Content Mistakes Financial Brands Make & How to Fix Them

Financial services tend to puzzle most customers. Understanding how to apply for a loan, pick the right insurance or open a retirement fund can often make people overwhelmed to the point that they abandon their plans altogether.

For companies in this space, poorly informed and overwhelmed prospects can translate into lost clients. There’s also the issue of a growing distrust that customers have with the banking industry: financial services remain the least-trusted sector, according to a 2019 Edelman Trust Barometer: Financial Services Report. 

If you’re a financial brand eager to prove that you are a reliable partner, content can help.

At, we work with businesses like yours to create industry-specific content that builds long-lasting relationships with your audience. We’ll show you how to gain more business by avoiding the most common content mistakes of those in the financial services industry, such as:

Failing to create content that relates to your target audience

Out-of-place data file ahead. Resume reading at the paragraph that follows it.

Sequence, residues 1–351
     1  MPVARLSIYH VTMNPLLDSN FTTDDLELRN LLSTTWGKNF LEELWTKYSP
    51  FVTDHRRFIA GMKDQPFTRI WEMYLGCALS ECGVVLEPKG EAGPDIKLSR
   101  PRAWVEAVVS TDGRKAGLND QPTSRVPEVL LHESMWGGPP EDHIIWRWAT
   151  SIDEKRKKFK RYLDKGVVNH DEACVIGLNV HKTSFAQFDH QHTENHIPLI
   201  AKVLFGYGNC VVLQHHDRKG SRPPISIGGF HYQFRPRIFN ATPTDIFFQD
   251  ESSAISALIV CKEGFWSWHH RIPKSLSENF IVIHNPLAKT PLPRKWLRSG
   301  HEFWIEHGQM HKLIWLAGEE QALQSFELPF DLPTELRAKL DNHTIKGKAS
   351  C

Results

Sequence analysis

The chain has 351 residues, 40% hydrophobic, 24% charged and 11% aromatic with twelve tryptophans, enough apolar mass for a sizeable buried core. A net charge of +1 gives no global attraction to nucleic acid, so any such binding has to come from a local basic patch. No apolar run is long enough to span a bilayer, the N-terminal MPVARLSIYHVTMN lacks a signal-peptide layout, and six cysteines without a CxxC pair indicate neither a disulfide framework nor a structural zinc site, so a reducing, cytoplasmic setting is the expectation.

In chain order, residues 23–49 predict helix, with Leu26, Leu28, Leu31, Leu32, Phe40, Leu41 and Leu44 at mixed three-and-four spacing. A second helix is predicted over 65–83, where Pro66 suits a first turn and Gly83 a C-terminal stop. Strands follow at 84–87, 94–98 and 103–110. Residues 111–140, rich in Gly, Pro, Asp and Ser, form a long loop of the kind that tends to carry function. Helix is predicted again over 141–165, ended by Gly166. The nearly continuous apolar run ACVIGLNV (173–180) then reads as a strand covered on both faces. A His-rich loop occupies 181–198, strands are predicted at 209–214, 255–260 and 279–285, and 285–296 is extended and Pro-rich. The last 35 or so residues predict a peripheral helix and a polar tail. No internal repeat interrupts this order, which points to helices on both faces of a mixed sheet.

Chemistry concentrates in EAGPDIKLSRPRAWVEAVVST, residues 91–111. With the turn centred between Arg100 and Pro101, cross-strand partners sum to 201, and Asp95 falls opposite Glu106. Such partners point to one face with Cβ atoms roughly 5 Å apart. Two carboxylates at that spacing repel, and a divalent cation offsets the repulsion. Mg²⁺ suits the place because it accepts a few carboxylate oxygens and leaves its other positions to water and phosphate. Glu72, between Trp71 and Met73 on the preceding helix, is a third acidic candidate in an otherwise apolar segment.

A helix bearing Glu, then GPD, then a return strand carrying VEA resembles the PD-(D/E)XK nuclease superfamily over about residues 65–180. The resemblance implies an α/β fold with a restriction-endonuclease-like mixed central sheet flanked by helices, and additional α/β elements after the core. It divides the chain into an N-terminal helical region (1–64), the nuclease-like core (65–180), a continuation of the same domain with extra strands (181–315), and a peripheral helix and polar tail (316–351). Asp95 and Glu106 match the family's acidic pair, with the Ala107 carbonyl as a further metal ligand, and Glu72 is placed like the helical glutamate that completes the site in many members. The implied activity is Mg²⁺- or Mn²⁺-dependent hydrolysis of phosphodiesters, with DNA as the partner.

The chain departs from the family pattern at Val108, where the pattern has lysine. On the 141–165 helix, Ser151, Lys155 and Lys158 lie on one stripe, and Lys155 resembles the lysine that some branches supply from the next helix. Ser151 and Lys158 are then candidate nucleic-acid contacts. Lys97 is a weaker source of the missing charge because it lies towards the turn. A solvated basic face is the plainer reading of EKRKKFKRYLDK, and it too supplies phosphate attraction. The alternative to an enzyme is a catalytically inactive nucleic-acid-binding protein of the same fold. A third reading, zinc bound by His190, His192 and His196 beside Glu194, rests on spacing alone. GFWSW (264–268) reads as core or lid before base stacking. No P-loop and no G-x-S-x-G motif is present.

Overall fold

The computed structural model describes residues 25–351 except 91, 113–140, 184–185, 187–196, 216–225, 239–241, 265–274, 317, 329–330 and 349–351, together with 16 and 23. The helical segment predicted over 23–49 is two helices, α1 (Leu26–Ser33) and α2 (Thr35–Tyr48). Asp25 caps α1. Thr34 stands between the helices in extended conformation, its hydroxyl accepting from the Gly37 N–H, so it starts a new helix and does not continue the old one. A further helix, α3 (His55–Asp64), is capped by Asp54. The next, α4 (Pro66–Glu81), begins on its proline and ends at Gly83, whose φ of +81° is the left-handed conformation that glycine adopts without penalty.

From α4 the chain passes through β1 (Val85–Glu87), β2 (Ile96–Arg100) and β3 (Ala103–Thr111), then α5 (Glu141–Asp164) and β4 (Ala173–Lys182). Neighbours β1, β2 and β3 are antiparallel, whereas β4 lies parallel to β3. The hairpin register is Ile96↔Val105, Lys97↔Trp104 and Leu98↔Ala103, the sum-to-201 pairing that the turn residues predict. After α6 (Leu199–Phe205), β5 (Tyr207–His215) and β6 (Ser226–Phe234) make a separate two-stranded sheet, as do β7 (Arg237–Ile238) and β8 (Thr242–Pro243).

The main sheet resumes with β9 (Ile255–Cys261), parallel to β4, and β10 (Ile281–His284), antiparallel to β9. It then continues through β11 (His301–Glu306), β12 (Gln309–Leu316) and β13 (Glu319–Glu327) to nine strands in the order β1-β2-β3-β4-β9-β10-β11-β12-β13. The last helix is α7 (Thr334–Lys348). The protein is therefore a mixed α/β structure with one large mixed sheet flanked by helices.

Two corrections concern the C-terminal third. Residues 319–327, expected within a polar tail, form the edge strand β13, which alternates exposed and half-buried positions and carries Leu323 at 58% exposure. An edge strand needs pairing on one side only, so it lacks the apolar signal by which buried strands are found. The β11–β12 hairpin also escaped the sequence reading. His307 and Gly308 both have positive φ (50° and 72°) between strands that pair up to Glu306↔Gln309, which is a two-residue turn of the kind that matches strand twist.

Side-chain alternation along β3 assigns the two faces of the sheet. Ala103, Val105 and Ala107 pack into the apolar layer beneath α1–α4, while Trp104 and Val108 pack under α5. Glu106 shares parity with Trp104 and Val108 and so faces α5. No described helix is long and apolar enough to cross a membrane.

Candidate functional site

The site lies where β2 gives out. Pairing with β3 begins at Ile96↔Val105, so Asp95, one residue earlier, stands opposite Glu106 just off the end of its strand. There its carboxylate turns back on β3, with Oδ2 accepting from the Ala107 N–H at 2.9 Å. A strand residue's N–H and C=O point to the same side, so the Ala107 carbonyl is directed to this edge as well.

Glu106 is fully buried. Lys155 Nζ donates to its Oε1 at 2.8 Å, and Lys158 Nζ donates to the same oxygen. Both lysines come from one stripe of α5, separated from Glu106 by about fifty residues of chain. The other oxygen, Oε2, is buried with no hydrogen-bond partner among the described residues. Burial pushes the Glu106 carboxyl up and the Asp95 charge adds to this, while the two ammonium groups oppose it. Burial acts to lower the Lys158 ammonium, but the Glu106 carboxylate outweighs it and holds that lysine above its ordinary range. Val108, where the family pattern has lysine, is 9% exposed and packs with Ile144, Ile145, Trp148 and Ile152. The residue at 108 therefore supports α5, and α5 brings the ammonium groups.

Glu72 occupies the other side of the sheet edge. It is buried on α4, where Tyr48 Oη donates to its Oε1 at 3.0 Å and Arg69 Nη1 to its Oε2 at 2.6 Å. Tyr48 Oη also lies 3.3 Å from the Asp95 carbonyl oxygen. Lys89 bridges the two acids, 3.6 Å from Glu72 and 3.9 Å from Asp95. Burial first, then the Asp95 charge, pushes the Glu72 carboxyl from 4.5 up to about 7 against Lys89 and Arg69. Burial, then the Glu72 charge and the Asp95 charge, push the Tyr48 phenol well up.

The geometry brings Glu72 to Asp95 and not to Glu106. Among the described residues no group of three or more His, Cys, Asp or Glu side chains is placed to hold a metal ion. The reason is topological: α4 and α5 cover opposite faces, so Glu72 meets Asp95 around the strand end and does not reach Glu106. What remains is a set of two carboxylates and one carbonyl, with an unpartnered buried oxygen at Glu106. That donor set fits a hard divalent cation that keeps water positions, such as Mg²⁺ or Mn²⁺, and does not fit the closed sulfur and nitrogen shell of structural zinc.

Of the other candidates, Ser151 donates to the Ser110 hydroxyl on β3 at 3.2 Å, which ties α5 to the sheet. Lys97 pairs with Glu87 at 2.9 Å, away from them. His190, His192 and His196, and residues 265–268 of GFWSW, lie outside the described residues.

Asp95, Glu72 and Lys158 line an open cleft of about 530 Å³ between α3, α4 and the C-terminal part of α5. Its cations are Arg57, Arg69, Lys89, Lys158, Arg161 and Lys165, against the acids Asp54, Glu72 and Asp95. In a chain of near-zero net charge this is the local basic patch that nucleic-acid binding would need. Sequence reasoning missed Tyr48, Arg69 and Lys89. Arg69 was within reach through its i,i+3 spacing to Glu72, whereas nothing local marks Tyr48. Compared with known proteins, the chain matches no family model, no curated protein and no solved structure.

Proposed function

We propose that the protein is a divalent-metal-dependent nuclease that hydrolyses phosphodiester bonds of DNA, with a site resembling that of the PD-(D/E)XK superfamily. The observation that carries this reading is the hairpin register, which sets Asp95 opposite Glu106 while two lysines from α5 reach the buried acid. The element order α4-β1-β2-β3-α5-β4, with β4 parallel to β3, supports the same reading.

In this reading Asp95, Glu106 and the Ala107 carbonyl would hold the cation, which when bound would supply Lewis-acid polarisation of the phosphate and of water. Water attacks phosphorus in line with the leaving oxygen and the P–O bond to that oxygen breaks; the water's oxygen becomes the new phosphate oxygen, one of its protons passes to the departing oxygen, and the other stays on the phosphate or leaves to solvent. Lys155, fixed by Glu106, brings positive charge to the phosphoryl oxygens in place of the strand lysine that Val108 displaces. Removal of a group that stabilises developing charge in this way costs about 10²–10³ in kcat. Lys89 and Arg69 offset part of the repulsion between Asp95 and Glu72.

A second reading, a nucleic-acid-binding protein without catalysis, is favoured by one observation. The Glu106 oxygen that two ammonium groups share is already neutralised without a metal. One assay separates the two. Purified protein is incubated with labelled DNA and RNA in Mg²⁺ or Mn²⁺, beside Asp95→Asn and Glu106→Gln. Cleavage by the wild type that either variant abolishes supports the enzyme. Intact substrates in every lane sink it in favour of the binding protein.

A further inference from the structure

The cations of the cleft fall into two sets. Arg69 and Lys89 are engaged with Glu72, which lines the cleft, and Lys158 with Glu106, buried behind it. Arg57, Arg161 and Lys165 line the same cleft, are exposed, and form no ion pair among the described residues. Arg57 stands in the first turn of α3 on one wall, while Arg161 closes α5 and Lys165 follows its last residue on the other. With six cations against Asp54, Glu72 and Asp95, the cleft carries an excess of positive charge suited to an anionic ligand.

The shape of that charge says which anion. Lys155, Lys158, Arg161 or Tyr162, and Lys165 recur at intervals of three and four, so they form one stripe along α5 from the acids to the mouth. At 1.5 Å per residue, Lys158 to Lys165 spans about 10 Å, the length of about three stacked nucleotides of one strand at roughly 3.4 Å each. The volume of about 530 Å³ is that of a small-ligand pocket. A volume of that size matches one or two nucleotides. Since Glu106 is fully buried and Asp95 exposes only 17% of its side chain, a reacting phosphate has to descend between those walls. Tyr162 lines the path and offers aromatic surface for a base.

A simple Google search will reveal that many financial companies deliver similar content to different audiences.

Whether you’re a central bank, a credit union or an insurance company, you need to speak directly to your primary prospects. You wouldn’t market a farmer’s loan the same as a personal finance app. Your content should be understandable to your target audience.

Let’s say you’re catering to millennials, a group that’s known for having a low level of financial literacy. A report by the George Washington Global Financial Literacy Excellence Center (GFLEC) shows that this group of customers struggle with their money in several ways including:

  • Inability to repay their student loans
  • A tendency to overdraw their checking accounts
  • Increased withdrawals from their retirement account (where applicable)

The lesson is simple: You need to create content that helps these customers reach financial maturity.

Follow this Example

In the past couple of years, Mint, a free budgeting app catering to Millennials, built the number one personal finance blog on the web. Their highly-sharable and practical blogs educate young professionals on everything money, including managing student loans, the costs of 401k early withdrawals and smart retirement strategies. The company keeps production costs low by inviting finance bloggers to write for free.